West Midland Bird Club

Studying Birds in Staffordshire, Warwickshire, Worcestershire and the West Midlands since 1929

Attend Local Branches and Field Trips  -  Visit our Reserves  -  Record your Bird Sightings

Supporting the West Midland Bird Club is a positive step in conserving important habitat for birds and other wildlife. You will also be contributing to the ornithological knowledge of the region. Get the most from your birding activities by becoming a member today. Using this website will provide you with all the information that is required in making you aware of how this Club functions, how to become involved in Club activities and to encourage you to further your birding interests by developing your knowledge of the birds of the region.

There is plenty of information at hand within these pages, however, please do not hesitate in using the contact us page via the menu or the info@westmidlandbirdclub link at the foot of all pages if you would like to take a personal approach to gathering information; the Club Secretary will be pleased to deal with any enquiry. There is great scope to become involved in a wide range of Club activities, likewise you can go about your birding activities on a personal level and simply enjoy what the West Midland Bird Club has to offer in assisting your interests.

Recent Sightings

Local Branch Indoor Meetings and Field Trips

Make the most of your membership by visiting your local branches and enjoy the excellent talks that are taking place throughout the WMBC branch network. Likewise, book a seat on one of the Clubs Field Trips, visiting some of the UKs top birding sites. Detailes for all Branch and Field Meetings can be found on this website by visiting the appropriate location via the menu. The WMBC Newsletter also carries the same information.

Not a member, not a problem! please go along and enjoy the evening or trip, you will be made most welcome.

West Midland Bird Club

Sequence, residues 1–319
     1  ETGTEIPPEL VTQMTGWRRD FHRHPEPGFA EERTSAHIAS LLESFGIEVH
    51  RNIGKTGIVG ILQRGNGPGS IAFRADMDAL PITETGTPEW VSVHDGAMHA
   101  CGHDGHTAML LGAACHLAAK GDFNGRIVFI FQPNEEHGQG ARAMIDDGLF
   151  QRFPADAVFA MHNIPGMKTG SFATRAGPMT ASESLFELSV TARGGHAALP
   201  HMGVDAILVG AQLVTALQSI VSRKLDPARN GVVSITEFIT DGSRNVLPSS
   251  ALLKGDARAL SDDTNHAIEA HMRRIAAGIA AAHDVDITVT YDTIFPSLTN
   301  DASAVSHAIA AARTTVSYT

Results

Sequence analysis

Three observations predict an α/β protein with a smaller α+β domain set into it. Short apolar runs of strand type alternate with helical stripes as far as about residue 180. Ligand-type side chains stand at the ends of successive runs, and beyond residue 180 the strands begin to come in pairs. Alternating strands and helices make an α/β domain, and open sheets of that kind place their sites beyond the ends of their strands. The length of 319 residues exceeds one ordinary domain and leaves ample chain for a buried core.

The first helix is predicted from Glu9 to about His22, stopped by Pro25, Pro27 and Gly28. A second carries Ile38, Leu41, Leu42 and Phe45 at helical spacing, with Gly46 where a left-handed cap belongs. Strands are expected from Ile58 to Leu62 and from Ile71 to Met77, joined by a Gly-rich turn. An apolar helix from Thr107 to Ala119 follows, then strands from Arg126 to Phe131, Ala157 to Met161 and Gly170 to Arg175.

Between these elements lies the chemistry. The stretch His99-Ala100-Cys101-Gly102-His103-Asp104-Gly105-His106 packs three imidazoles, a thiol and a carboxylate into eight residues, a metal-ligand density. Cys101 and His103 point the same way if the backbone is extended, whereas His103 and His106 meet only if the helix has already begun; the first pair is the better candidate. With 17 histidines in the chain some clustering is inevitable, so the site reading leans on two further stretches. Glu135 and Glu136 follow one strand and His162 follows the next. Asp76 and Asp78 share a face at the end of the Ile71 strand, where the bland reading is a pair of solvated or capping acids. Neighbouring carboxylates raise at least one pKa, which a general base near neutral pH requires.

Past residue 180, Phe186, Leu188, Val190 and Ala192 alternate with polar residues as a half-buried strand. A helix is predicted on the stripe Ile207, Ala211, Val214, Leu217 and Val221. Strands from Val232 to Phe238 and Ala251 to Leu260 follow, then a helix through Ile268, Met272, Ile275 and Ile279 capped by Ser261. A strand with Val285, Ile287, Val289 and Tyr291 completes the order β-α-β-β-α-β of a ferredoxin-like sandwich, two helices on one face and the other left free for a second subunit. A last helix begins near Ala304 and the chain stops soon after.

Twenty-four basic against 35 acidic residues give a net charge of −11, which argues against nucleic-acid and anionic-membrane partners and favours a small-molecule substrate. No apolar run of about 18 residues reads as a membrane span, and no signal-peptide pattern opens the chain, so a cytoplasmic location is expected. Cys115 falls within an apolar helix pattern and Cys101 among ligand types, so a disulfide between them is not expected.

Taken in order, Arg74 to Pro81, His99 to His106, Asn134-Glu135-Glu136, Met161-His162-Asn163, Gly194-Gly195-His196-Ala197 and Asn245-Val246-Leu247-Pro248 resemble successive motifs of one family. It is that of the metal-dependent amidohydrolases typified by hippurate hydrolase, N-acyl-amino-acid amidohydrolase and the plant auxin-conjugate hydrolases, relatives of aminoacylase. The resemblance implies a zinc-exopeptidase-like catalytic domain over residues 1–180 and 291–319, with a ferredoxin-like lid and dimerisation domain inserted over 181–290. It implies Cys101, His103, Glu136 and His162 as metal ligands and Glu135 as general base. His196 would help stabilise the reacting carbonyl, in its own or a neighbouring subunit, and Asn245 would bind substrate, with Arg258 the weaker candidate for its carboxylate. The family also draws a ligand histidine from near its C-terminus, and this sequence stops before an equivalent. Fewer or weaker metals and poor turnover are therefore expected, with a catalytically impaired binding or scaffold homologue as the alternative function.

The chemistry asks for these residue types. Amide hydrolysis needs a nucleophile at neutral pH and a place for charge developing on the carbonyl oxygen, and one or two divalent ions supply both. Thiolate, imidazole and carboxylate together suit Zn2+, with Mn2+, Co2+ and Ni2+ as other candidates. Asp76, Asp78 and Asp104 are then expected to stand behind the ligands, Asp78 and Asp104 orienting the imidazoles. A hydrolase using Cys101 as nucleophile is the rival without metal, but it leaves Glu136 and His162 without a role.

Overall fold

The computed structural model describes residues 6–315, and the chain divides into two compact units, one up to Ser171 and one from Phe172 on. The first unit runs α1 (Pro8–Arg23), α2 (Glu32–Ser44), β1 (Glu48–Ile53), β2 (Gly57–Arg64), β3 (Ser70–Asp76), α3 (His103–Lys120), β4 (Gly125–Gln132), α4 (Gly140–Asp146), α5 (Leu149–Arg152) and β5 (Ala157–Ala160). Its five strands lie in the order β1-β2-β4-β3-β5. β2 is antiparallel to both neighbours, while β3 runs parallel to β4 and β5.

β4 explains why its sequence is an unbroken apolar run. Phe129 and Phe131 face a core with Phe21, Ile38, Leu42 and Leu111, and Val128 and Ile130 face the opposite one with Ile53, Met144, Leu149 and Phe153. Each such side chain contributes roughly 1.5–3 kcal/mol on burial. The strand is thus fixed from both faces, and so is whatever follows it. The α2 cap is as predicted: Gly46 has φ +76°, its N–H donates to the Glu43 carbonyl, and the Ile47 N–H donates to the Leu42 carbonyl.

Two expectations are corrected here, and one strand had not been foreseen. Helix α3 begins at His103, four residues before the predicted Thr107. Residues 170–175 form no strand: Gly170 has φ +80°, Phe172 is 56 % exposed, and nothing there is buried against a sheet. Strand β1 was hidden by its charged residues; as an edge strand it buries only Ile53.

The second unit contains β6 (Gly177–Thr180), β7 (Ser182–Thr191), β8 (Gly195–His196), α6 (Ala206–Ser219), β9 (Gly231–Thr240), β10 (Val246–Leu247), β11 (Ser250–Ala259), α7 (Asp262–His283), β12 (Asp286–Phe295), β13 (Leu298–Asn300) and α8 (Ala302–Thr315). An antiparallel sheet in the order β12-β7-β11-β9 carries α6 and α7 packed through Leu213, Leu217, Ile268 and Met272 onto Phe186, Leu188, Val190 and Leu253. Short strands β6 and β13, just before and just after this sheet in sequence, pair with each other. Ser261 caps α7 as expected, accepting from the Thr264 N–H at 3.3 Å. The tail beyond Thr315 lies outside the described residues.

2017 Cannock Chase Bird Survey

In memory of Frank Gribble MBE


Fieldwork for the Chase Survey is now complete and the analysis of this tremendous effort by all of those who have taken part in the gathering of this information is being compiled. Project Leader, Roger Broadbent, is currently in the process of putting this together and we eagarly await his findings.

The final report or any preliminary comment will be posted here.


An initial comment from Roger expresses that Stonechat seems to be making a slow recovery but how are they doing on Cannock Chase? The WMBC 2017 Cannock Chase Survey will answer that question when published on this website at the end of the year - watch this space.


Clive Davies, a member of the survey team, photographed this juvenile Stonechat during the 2017 fieldwork period on Cannock Chase. Let's hope that this is further evidence of the species recovery and that the Chase can continue to provide a  stronghold for their presence.

Potential disruption at our Ladywalk Reserve - 2nd CHANGE OF NOTICE ISSUED BY HS2

The West Midland Bird Club have received notification from HS2, the proposed London - West Midlands high speed rail link, that after receiving parliamentary approval, site survey work will commence in 2017. In order to carry out their survey work they have informed the Club that they need to gain access to our Ladywalk Reserve in order to carry out a variety of investigations. This will involve work over the period commencing October 1st to December 31st 2017. For further details use the link below that outlines the latest HS2 notification. This latest notice from HS2 was issued on September 12th 2017, received by WMBC September 19th - our apologies for any inconvenience that arises from this change.